Anyone who has personal experience of stalking, as I have, will know just how frightening it is, how dreadful to be overwhelmed by the relentless obsession of another person. In real life a measure of protection and redress is offered. But what if the threat comes from some anonymous source, perhaps from another country, through the internet?
I read recently of the case of Leandra Ramm, an opera singer who lives in New York, who has been the object of a relentless campaign of cyber-stalking from someone based in Singapore, an individual with whom she has no personal connection whatsoever. The details are really quite awful.
Apparently he has bombarded her with around 4000 internet messages over a five year period, all aimed at the worst forms of character assassination. Not only has he depicted her as a talentless, sex-crazed swindler but he also went so far as to create a blog in her name, specifically to post obscenities, as well as lodging the same messages on her own website. Death threats have become increasingly frequent.
In such circumstances the obvious thing to do is report the matter to the police, especially if there is a threat of personal violence; I most certainly would. Leandra Ramm did, only to be told by the NYPD that there was nothing that they could do, considering that the offence was committed half-way across the world. When the matter was taken up with the authorities in Singapore they showed no more interest than those in New York.
So, here we have a woman faced with daily death threats, not just directed at her but all those associated with her, including her friends and family. She says, unsurprisingly, that her career, her social life and her general mental health have all suffered as a consequence, leaving her feeling “humiliated, helpless and abused.” Just how serious this is, just how serious the impact on the victims is, was highlighted by Brigit Roth, a senior detective specialising in cyber-crime in Germany, who says that people are left traumatised in the same fashion as survivors of an air crash.
I saw from a report in the Economist that the Bureau of Justice Statistics estimates that cyber-stalking has affected around a quarter of all staking victims in the United States alone, some people devoting all of their time to this particular form of harassment. Barack Obama even went so far as to highlight the problem to mark a recent Stalking Awareness Month, though so far little in the way of a practical solution has been offered.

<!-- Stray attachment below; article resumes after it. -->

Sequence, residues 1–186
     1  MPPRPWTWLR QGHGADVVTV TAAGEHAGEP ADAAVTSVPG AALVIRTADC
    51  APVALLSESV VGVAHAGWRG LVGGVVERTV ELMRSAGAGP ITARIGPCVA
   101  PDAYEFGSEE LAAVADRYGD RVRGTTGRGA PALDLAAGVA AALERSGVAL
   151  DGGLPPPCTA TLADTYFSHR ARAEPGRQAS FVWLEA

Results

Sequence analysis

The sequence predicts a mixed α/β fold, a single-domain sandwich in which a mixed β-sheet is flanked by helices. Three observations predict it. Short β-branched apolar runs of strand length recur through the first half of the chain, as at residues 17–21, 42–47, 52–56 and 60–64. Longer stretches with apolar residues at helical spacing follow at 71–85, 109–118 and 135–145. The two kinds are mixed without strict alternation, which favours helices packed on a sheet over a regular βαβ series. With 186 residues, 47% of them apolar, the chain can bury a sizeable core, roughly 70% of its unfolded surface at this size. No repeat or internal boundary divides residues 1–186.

Internet Service Providers can be contacted, certainly, but the process is slow and cumbersome, with organisations like Google, Facebook and Yahoo requiring court orders before releasing information about suspects. According to the British Crown Prosecution Service this can mean delays of up to three months. Meanwhile the abuse goes on, or the abuser, sometimes made aware that he or she is under investigation, simply dives deeper into the technical anonymity offered to the computer savvy.
England, I’m happy to say, is taking a lead in dealing with this problem. The police are under an obligation to asses the potential for violence in every case reported to them, acting under guidelines introduced by the prosecution service. There are even proposals to make offenders undergo treatment once caught and convicted.
With plenty of evidence I feel sure that conviction would not be a problem. Catching, unfortunately, is something altogether more problematic. As with paedophilia there really has to be a high degree on international cooperation, and there has to be a far greater willingness on the part of service providers to work with the police. Otherwise creeps will continue to creep, doing untold damage in the process.